Every divorce is different, just like every family is different. However, one issue that comes up in almost every divorce is division of property and debt. New Jersey is what is called an “equitable distribution state.” This means that during a divorce, a court will make an equitable distribution of marital assets and marital debts. If you are involved in a divorce or facing one soon, you need to have a basic understanding of the basics of equitable distribution.
First, it is important to understand that an equitable distribution does not mean an equal distribution. This means that the court is not obligated to give both you and your spouse an equal share of the marital property. Instead, the court will look to a list of factors contained in the New Jersey code to determine how the assets and debts will be distributed. These factors include the duration of the marriage, the economic circumstances of each party, the income and earning capacity of each party, and the contribution by each spouse to the training or earning potential of the other spouse.
Second, a court will only distribute marital assets and marital debts. Separate property will not be divided in the divorce. Separate property is general property or debts that were owned or acquired by either party before the marriage began. Separate property can change to martial property, however, depending on how the parties treated the asset. For example, if the wife owned a home before marriage, but then during the marriage she adds her husband’s name to the title, they use the home as the marital residence, and the husband helps with the upkeep and improvements to the property, the court may rule that it is now a marital asset.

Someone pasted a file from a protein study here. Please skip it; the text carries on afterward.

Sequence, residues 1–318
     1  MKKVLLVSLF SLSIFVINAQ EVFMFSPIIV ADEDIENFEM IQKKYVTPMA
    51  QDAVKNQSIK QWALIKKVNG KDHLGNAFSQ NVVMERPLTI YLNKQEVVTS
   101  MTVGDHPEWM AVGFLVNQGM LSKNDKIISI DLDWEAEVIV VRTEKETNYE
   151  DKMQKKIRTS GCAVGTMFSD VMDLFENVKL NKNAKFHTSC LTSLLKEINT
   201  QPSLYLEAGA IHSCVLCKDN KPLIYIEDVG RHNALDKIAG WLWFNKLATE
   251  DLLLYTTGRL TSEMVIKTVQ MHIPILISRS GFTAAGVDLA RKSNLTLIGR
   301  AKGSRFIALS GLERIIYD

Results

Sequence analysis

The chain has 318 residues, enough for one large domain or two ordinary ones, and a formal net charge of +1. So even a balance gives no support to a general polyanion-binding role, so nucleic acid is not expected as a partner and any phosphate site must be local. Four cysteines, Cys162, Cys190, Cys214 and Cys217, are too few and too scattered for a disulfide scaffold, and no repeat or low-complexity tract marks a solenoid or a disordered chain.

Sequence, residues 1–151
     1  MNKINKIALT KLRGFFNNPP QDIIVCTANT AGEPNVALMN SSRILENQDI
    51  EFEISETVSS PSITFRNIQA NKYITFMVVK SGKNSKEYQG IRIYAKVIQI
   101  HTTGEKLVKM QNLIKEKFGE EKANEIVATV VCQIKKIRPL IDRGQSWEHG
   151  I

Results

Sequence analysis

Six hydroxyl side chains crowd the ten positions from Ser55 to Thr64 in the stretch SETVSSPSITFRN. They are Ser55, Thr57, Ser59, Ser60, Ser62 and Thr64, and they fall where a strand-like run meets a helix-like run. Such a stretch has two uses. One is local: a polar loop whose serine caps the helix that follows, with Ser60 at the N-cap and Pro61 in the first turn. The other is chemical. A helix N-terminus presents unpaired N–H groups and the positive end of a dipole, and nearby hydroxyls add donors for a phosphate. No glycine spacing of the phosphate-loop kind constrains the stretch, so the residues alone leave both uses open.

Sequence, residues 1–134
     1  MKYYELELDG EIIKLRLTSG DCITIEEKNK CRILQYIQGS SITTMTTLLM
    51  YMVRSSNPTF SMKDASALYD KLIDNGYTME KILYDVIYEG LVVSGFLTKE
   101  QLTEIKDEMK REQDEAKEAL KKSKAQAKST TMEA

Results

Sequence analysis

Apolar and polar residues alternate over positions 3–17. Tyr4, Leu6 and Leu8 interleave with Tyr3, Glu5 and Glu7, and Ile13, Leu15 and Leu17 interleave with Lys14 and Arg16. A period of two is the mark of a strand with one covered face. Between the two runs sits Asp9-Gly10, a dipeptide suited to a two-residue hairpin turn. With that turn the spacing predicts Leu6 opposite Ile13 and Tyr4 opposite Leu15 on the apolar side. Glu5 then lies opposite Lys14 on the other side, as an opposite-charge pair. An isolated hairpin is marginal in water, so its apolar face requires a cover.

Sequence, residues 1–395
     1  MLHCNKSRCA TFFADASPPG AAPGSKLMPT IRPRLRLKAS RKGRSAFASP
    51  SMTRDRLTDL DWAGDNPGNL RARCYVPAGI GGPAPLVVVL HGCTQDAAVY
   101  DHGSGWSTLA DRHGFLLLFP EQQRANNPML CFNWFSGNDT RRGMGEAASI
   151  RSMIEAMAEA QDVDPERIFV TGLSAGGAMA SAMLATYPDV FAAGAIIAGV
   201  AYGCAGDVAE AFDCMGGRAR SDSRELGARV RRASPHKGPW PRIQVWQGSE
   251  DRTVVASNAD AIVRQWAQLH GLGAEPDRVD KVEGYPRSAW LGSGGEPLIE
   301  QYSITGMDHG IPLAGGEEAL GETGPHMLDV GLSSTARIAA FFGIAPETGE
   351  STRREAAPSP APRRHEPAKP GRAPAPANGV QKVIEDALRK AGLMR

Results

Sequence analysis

Finally, each spouse needs to understand that the way an asset or debt is titled is not dispositive of whether it is separate or marital property. Assets that are acquired during the marriage are almost always marital property, and will be divided in the divorce. The most common example of this is retirement accounts acquired through employment. Usually these accounts are only in the name of the employee spouse. However, whatever value is added to this account during the marriage is marital property and will be treated as such. This is so even though the value in the account accrued because of the work of only one of the spouses. The reason for this is that the law recognizes that the other spouse is supporting and contributing in other ways, even if that way means being a stay at home spouse.
If you are facing divorce, call us today. We can talk to you about your property and how it is likely to be divided.
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